Album Review: Jamey Johnson — Living for a Song: A Tribute to Hank Cochran
Let’s just get this out of the way up front: Combining 16 stellar songs from one of music’s all-time best songwriters, adding on supremely talented artists such as Alison Krauss, Merle Haggard, Willie Nelson and George Strait, and putting traditional country torch-bearer Jamey Johnson at the helm leaves little room in an album review for anything outside of effusive praise and nostalgia.
Equal parts history lesson, songwriting how-to and all-star collaboration, the idea for Living for a Song: A Tribute to Hank Cochran began when Johnson’s close friendship with the legendary songwriter came to an end in 2010 when Cochran died of cancer. Together with co-producers Buddy Cannon and Dale Dodson, Johnson stays true to Cochran’s straightforward style by staying out of the lyrics’ way, digging deep into his catalog and gathering a cast of country music’s finest.
For those unfamiliar with some of these songs, there’s no shame – even Johnson, who slides in and out of classic covers on his solo albums, admits to his limited knowledge of Cochran’s extensive collection, deeming the hidden gems as some of the songwriter’s best. Alongside those quieter tracks, however, the tried-and-true hits remain: Alison Krauss, one of Cochran’s favorite singers, adds sweet sadness to “Make the World Go Away,” Merle Haggard spits out a defeated laugh on “I Fall To Pieces” and Willie Nelson wistfully maneuvers through “Don’t You Ever Get Tired of Hurting Me.”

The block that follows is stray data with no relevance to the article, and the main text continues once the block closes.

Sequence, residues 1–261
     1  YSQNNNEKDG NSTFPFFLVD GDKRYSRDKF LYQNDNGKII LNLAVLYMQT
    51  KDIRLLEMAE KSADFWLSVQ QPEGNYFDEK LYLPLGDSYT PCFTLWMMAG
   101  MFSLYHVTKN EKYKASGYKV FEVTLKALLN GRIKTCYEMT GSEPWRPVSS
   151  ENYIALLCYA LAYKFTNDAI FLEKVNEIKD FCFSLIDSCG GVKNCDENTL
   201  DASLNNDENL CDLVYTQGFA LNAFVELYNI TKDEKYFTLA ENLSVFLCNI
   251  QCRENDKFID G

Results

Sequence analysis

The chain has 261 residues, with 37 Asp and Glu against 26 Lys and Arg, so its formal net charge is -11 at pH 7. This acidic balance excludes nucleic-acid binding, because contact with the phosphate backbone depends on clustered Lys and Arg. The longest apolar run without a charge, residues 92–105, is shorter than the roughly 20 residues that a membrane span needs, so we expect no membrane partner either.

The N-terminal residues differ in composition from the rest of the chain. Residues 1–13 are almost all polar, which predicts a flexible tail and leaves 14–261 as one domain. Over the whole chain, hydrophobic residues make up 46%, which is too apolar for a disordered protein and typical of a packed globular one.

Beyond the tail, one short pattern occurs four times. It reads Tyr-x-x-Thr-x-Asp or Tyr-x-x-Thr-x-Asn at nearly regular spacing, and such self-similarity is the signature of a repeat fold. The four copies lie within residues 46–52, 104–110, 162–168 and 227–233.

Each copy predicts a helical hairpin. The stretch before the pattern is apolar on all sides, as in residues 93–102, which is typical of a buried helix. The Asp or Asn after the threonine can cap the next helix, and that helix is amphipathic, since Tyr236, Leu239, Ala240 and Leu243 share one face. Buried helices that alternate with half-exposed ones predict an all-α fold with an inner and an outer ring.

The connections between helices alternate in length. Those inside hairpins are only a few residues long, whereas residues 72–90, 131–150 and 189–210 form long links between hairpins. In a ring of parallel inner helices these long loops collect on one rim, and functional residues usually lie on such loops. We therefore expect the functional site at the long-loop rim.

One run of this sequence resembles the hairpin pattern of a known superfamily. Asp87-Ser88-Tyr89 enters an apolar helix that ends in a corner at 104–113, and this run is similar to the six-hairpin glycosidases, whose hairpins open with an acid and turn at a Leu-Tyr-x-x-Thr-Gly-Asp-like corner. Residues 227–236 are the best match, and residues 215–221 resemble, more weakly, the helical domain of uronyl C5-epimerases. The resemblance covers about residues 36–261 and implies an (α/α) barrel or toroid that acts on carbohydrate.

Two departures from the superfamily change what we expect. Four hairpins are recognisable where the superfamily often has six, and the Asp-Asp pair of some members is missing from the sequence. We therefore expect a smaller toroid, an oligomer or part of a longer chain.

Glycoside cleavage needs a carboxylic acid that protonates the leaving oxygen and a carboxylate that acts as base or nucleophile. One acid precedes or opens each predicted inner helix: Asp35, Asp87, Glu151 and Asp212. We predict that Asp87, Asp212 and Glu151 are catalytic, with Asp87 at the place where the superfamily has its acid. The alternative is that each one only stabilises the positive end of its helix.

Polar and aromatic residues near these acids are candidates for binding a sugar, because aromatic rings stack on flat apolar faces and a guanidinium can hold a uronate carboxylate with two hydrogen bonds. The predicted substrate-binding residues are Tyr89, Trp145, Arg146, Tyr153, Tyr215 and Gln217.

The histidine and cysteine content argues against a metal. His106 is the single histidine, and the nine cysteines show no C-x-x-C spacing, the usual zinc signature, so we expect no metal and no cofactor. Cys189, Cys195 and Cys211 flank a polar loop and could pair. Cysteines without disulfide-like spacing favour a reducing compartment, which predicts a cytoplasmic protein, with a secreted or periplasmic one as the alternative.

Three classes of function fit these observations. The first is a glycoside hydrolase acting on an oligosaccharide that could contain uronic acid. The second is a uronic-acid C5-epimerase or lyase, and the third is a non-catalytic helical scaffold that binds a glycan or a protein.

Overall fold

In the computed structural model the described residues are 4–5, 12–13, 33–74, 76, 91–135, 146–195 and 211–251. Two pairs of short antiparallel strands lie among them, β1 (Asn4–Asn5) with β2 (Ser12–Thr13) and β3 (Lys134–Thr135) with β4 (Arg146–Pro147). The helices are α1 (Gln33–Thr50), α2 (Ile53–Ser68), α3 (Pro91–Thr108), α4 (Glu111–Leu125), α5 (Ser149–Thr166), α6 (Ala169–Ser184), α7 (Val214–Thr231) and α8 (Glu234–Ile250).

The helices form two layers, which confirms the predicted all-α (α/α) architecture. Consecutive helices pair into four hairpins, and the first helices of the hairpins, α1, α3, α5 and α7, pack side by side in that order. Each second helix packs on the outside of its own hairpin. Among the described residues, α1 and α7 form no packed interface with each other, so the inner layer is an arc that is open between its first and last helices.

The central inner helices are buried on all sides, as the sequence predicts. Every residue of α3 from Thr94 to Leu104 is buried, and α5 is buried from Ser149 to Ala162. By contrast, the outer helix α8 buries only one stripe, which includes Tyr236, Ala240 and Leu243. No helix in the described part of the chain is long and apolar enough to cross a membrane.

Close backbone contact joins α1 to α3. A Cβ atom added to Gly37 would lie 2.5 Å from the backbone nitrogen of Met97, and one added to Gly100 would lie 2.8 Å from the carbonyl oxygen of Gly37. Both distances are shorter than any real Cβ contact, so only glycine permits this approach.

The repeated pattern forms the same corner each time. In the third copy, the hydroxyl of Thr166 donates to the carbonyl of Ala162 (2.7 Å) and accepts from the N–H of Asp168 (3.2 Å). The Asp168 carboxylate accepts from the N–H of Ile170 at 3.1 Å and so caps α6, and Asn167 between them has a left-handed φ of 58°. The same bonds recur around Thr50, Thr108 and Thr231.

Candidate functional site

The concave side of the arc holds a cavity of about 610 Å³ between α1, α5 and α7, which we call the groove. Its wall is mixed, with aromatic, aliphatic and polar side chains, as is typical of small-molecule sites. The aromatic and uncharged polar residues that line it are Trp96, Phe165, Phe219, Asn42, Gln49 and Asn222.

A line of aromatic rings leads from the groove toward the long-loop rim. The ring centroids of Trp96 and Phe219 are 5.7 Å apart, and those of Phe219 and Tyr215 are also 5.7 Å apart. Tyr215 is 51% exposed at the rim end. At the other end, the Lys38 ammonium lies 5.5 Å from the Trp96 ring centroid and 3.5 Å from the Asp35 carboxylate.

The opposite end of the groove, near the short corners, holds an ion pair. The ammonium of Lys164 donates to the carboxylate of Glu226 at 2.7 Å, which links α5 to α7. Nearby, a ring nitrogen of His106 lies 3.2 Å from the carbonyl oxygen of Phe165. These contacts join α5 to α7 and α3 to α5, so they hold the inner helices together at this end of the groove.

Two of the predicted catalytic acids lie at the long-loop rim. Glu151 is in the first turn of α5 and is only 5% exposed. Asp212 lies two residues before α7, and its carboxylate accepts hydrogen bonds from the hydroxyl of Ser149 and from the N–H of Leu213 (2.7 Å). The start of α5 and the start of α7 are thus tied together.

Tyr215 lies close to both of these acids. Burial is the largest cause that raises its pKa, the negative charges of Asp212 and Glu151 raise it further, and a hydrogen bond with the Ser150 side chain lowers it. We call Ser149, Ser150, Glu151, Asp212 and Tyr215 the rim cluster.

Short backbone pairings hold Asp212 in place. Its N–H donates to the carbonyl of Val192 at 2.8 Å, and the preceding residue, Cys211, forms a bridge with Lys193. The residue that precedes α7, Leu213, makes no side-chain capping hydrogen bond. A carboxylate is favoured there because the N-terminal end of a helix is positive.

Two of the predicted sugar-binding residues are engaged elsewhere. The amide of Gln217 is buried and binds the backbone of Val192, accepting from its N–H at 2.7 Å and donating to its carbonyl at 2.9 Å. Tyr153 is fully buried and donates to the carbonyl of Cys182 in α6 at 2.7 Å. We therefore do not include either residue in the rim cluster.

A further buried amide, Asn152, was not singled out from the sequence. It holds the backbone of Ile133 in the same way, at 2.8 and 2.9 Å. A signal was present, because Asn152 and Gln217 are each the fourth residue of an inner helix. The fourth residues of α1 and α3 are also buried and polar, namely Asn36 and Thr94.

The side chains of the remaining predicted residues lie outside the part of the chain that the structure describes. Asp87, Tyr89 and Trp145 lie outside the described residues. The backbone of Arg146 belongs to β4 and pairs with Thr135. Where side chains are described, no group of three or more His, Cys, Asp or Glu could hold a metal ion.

While those songs do little to refute country music’s heartbreaking image, the spunkier, attitude-filled songs really shine here. Johnson’s “This Ain’t My First Rodeo” duet with the impeccable Lee Ann Womack begs for an extended duet album between the two, Ronnie Dunn dances around compact honky-tonk standard “A-11” and Strait – Johnson’s very own career savior – forgoes the obvious choice of “The Chair” for “The Eagle.” It doesn’t get sassier, however, than Asleep at the Wheel’s “I Don’t Do Windows,” where Johnson and Ray Benson trade matter-of-fact lyrics like “I don’t do windows and I won’t go to hell for you/Although, honey, hell is what you put me through.”
It’s the contrast between these songs and the album’s heavier tracks like “Don’t Touch Me” with Emmylou Harris, “A Way to Survive” with Vince Gill and Leon Russell, and “You Wouldn’t Know Love” with Ray Price that really shows the breadth of Cochran’s pen, which earned the writer a hit song in every decade since the 1960s. Living for a Song: A Tribute to Hank Cochran slips only when things become a little too easy, and its interpreters coast on their material. When presented as a whole, these standout songs can easily muddle together in tempo, theme and style, even as the variety and caliber of artists here put their own spin on things.
Those moments can’t hurt the final product, tied up perfectly on the album-ending “Living for a Song.” Cochran joins Johnson and contemporaries Haggard, Kris Kristofferson and Nelson in spoken verse, thoughtfully relaying that “all of us rhyme runners and word hunters have some things that we’ve been through/So I wrote this song hoping I could tell some of them to you.” It’s one of those country music moments where the hair on the back of your neck stands up, and makes you glad for folks like Jamey Johnson and Hank Cochran and the art they have produced both past and present.
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